Frequently Asked Questions

How much does it cost to attend one of your group offerings? Do you offer package deals?

The "drop-in" fee for one yoga class is $15. However, if you plan to attend more classes in the future, we would suggest choosing one of our packages that best suites your financial ability. You can view our packages HERE. Packages do not expire and can be used for any weekly group offering at your discretion. 

How do I know which class is best suited for me?

First, each class on our schedule is suitable for all levels of practitioner. Although some classes are more challenging than others, modifications, props, and variations will be made available to anyone who would benefit from having another option.
If you're looking for something more specific, consider your intended outcome from taking a class. If you would like to move and possibly work up a sweat, opt for a flow class. If you prefer an experience that is slower in pace and meditative, try one of our yin classes.

Do you have any online offerings?

While we hope to be able to offer online class options in the near future, we currently do not have any available. Subscribe to our email list and be one of the first to know when we do!

You can also check out our channel of prerecorded yoga classes. 

What is the cost of a private yoga session? 

The cost of an in-studio private yoga session is $65 for one hour & $75 for 90 minutes. We have two separate locations for your convenience; one in Oswego and the other is located in Fulton.


We do offer in-home private sessions where we travel to you at the setting of your choice. If you choose this option for your session(s), the price increases and varies depending on travel time and location. However, rates begin at $75 for 60 minutes and $85 for 90 minutes and go up from there once mileage is calculated.  is dependent on location where you are located.

What do I need to begin?

All you really need to begin practicing yoga is your body, your mind, and a bit of curiosity. But it is also helpful to have a pair of yoga leggings, or shorts, and a t-shirt that’s not too baggy. No special footgear is required because you will be barefoot. It’s nice to bring a towel to class with you. As your practice develops you might want to buy your own yoga mat, but most studios will have mats and other props available for you.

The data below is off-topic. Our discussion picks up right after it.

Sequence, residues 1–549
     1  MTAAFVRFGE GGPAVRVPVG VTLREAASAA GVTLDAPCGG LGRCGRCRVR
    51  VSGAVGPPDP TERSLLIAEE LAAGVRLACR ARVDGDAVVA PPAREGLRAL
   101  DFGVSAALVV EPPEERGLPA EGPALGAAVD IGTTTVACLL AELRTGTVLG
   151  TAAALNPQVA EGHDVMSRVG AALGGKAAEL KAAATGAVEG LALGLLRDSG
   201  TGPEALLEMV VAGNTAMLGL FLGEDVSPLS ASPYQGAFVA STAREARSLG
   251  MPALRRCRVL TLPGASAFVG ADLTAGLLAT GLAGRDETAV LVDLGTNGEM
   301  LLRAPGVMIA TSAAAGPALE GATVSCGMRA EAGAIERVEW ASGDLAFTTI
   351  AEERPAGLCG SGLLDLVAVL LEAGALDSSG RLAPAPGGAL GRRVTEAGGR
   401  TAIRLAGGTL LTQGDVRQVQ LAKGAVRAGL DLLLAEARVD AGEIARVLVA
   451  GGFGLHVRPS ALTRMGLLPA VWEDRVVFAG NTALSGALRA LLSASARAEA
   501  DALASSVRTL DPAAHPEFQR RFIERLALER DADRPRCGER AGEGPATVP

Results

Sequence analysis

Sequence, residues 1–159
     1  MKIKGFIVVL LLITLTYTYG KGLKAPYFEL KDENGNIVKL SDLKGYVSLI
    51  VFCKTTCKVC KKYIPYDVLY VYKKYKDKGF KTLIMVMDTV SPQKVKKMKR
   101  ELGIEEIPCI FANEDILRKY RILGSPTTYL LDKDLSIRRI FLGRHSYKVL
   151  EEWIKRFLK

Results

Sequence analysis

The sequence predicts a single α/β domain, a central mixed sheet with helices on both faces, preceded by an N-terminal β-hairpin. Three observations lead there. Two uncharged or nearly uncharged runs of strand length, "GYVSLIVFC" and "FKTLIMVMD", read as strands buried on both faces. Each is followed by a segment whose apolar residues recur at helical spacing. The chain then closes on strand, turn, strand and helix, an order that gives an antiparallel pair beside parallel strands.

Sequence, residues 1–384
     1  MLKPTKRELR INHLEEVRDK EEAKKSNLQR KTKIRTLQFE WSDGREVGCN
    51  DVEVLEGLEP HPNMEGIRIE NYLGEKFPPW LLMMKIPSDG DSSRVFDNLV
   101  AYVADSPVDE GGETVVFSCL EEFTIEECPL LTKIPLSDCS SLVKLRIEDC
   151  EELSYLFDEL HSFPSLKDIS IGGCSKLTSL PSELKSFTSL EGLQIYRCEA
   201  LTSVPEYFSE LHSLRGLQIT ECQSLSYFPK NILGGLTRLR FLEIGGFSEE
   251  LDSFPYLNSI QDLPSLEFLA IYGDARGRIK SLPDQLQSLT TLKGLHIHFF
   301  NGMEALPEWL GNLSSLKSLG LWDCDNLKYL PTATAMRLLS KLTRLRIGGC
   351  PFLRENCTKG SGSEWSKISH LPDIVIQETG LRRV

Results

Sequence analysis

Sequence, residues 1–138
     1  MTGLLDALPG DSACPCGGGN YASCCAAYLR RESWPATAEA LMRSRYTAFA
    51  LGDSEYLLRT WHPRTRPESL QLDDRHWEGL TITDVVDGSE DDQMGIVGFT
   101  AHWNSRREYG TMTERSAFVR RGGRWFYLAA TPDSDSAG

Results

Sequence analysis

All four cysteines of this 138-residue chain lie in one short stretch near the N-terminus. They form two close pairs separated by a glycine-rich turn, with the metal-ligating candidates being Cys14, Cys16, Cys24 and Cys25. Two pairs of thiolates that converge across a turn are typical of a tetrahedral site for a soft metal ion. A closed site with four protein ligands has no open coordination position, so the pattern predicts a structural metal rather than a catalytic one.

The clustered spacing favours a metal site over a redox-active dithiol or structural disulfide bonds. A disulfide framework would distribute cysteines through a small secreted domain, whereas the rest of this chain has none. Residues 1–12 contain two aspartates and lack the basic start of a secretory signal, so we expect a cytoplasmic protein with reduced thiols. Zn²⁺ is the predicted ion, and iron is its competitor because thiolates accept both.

How many times per week should I practice?

Yoga is amazing—even if you only practice for one hour a week, you will experience the benefits of the practice. If you can do more than that, you will certainly experience more benefits. I suggest starting with two or three times a week, for an hour or an hour and a half each time. If you can only do 20 minutes per session, that’s fine too. Don’t let time constraints or unrealistic goals be an obstacle—do what you can and don’t worry about it. You will likely find that after a while your desire to practice expands naturally and you will find yourself doing more and more.

Is yoga a religion?

Yoga is not a religion. It is a philosophy that began in India an estimated 5,000 years ago. The father of classical ashtanga yoga (the eight-limbed path, not to be confused with Sri K. Pattabhi Jois’ Ashtanga yoga) is said to be Patanjali, who wrote the Yoga Sutra. These scriptures provide a framework for spiritual growth and mastery over the physical and mental body. Yoga sometimes interweaves other philosophies such as Hinduism or Buddhism, but it is not necessary to study those paths in order to practice or study yoga.

It is also not necessary to surrender your own religious beliefs to practice yoga.